Thorny mesquite branches scratched the sides of James Spriggs’ battered old Chevrolet truck as he drove the rutted pathway from his house towards other, less natural, spiky objects.
On his 4,400-acre ranch there are deer, quail, jackrabbits, roadrunners, dragonflies and even the occasional eagle or mountain lion. And there are wooden stakes indicating the route of a natural gas pipeline that will slice through his property against his wishes.
“They stand out, kind of out of the ordinary, when the light’s correct on them,” he said, picking up a stake that lay flat beneath a small tree. Since their discovery, Spriggs and others have made it their mission to protest a proposal that would be routine almost anywhere else in the state.
Many moved to Big Bend because it is spiritually and physically unlike much of the rest of Texas, which long ago kowtowed to the boom-and-bust thrust of Big Oil, with all its possibilities and problems.
Some 426,000 miles of pipelines already crisscross Texas, acting as the cardiovascular system of the state’s thriving economy. Only one large area is untouched, but that is about to change – unless a diverse group of citizens can prevail in an underdog fight against billionaires, anemic regulators and new economic realities…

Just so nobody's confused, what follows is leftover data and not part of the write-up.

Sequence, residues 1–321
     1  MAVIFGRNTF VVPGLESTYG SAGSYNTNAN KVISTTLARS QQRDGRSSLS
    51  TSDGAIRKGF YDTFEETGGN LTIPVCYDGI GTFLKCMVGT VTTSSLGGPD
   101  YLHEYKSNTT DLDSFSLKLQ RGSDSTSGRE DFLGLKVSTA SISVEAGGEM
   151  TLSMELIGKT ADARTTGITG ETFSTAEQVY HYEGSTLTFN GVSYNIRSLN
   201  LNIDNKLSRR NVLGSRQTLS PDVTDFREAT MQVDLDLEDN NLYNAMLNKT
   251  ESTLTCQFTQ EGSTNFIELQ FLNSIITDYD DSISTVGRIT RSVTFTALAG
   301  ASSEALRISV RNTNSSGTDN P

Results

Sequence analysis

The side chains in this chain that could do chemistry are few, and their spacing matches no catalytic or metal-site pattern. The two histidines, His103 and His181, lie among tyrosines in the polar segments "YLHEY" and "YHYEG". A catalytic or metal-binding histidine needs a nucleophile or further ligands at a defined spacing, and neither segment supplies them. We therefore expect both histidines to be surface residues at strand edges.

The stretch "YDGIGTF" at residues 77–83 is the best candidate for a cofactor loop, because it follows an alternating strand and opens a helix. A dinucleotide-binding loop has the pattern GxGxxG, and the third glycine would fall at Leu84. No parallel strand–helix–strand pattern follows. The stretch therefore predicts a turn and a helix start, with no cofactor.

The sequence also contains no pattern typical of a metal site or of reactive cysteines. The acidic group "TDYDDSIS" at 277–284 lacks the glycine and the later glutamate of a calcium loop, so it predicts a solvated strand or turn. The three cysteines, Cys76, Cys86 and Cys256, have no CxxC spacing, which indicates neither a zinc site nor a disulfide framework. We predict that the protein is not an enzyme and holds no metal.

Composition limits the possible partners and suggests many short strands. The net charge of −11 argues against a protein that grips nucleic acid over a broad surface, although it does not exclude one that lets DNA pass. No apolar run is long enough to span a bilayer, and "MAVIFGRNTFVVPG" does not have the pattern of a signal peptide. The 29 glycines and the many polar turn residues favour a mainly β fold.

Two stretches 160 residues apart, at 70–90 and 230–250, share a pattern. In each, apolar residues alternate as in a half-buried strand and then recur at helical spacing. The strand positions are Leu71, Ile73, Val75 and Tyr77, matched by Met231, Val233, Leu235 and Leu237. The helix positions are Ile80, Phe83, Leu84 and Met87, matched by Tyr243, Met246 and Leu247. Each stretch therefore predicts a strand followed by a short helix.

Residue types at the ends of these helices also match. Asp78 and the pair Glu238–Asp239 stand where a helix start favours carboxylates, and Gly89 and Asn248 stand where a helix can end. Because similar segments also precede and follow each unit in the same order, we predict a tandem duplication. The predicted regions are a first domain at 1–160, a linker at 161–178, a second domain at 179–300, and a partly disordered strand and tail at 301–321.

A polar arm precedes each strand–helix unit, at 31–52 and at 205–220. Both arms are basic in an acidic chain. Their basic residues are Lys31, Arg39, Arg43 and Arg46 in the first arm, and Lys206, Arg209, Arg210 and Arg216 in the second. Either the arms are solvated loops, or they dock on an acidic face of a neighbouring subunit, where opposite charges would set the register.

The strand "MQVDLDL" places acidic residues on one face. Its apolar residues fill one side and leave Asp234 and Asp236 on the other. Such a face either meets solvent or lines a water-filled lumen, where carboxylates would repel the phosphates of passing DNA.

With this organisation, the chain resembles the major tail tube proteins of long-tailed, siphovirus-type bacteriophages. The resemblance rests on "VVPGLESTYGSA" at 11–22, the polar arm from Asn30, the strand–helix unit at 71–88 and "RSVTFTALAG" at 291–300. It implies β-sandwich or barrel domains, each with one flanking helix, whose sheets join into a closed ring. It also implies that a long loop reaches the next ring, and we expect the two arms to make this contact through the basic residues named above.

The oil industry may be squirming because of the low price of crude, but natural gas pipelines are sprouting as a response to soaring demand in Mexico and legal changes there in 2014 that make it easier for foreign exporters to sell the fruits of the Texas fracking boom…
The Trans-Pecos pipeline is a partnership between companies controlled by billionaires: Mexico’s Carlos Slim, reportedly the world’s second-richest man, and Kelcy Warren, head of Dallas-based Energy Transfer Partners, which in February welcomed former Texas governor and failed Republican presidential hopeful Rick Perry to its board of directors.
They hope that construction will start in the first quarter of next year and in 2017 the 42-inch pipeline will transport 1.4bn cubic feet of natural gas per day from a processing plant near Fort Stockton to the border, where the line will go under the Rio Grande and connect with Mexican infrastructure.